Even Roger Clemens and Barry Bonds gained some traction for the first time in their fourth years on the ballot. Clemens, winner of 354 games, went from 37.5 last year to 45.2 percent this year. Bonds, the all-time leader with 762 homers, earned a bump from 36.8 percent to 44.3 percent.
In other notables, Alan Trammell (40.9 percent and in his 15th year under the old rules) and Mark McGwire (12.3 percent and his 10th year under the new rules) are off the BBWAA ballot. According to a Hall of Fame official, they will be eligible for consideration by the Expansion Era Committee beginning in 2020.
Lee Smith (34.1 percent in his 14th year) has one year of eligibility remaining.
The returnees will all be up against it on the next ballot when Vladimir Guerrero, Manny Ramirez, Ivan Rodriguez and Jorge Posada all become eligible for the first time in the Class of 2017.
Piazza, who starred for the Dodgers and Mets and finished his career in San Diego and Oakland and hit a record 397 of his 427 homers while playing behind the plate, said he has no qualms about being elected the fourth time he was on the ballot.
"You have to put that into some sort of historical perspective," Piazza said. "The fact is, Yogi Berra had like four ballots, Joe DiMaggio had three ballots, and so myself being a student of the history of the game and having respect for the process, it was nail-biting at times. But I've had a tremendous amount of support in my career from the writers and the fans. I don't want to say it was difficult, but it was certainly emotional from year-to-year. In the end, you just can't describe this honor."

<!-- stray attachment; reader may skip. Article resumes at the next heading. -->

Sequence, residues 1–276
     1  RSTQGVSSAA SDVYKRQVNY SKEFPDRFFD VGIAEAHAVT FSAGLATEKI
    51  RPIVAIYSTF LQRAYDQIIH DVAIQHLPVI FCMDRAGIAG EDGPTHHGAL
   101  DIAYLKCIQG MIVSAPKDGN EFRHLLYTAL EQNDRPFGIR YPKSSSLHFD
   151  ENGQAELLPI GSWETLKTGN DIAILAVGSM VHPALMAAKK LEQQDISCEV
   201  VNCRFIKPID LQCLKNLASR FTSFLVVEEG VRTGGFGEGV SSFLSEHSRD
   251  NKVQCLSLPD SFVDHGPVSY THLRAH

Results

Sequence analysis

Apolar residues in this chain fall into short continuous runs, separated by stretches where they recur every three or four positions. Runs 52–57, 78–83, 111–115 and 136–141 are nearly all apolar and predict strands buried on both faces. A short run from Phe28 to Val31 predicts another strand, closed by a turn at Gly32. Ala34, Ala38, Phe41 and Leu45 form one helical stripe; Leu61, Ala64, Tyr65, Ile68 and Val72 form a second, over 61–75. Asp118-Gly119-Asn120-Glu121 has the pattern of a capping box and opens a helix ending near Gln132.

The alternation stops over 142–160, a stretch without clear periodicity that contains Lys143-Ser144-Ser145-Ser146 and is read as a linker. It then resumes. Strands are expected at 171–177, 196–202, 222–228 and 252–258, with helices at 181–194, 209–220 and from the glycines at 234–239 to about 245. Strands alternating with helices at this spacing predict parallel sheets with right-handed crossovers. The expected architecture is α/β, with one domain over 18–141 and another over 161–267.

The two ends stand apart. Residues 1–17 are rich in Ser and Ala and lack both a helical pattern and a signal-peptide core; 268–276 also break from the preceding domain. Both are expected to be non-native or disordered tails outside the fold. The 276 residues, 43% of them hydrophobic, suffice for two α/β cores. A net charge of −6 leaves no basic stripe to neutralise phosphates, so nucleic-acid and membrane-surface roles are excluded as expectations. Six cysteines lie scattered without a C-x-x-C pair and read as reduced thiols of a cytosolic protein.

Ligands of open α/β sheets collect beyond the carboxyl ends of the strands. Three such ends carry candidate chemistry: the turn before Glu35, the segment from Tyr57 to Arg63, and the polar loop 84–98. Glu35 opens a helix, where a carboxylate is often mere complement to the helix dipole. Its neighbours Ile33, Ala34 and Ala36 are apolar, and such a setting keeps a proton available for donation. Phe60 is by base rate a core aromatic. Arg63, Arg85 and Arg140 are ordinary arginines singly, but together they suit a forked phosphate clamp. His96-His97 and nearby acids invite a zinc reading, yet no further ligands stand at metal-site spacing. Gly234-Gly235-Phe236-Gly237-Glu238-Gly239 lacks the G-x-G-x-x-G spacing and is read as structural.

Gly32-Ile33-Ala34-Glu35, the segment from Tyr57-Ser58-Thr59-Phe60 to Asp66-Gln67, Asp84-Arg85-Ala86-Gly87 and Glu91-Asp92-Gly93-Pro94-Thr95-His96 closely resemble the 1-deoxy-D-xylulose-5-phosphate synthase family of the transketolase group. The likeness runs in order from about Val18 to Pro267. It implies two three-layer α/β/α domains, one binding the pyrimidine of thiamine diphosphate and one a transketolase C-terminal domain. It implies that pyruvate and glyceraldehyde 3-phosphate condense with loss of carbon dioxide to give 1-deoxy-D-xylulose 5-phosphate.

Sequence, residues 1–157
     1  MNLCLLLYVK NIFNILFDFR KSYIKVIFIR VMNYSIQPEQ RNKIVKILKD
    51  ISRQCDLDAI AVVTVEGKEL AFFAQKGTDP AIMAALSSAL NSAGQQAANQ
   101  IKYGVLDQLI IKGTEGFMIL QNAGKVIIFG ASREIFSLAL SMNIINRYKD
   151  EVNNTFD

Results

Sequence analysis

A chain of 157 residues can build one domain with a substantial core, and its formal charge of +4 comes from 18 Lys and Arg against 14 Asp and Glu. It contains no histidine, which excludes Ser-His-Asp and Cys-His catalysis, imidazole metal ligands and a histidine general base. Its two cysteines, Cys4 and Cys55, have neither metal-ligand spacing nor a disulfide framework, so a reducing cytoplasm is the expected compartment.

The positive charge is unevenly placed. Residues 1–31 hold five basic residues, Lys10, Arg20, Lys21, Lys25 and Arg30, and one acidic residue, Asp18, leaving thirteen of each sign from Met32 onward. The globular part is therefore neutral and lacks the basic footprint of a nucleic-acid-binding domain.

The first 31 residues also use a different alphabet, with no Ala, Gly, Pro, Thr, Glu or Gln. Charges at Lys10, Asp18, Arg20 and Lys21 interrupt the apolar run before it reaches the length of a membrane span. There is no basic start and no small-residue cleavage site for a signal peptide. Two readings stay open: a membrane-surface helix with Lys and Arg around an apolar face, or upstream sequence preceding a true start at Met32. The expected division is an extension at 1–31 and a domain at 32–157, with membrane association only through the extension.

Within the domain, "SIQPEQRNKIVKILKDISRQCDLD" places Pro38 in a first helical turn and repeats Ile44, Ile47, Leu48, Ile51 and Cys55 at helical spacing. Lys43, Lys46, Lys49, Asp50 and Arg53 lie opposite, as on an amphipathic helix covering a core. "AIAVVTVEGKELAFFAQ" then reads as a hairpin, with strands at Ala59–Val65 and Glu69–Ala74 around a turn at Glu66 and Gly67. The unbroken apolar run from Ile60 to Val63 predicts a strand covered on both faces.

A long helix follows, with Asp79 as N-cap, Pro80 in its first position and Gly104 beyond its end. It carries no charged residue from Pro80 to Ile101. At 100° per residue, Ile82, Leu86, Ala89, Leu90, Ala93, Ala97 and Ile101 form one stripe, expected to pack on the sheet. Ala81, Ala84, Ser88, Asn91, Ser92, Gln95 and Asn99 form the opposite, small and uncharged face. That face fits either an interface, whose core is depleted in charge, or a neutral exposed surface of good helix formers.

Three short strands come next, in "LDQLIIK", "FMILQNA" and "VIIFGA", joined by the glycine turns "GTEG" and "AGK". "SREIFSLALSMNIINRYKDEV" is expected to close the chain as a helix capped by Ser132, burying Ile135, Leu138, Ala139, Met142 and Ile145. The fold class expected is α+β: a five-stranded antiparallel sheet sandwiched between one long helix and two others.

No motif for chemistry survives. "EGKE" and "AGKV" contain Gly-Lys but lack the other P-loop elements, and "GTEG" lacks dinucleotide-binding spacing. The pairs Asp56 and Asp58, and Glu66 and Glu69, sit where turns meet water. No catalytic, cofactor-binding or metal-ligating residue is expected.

Griffey is the son of Ken Griffey Sr., the outfielder who played for the Big Red Machine when Junior was just a tyke and later was on the field with him in Seattle at the end of his career in 1990-91. He also played with Edgar Martinez in Seattle, the former designated hitter and current Mariners hitting coach, who stayed static at 43 percent of the vote.
Senior said he couldn't be a prouder father. His son won 10 Gold Gloves in a row playing superlative center field for the Mariners from 1990-99, batted .284 with 1,836 RBIs and 1,662 runs scored to go along with those 630 homers, good for sixth all-time. But he was a better person, Griffey Sr. said.
"He never wavered from him being straightforward about stuff, making sure people knew him as a person," he said. "But the biggest thing, being a family man was so big to him, he never wavered from his kids at all. I'm just proud of him being my son."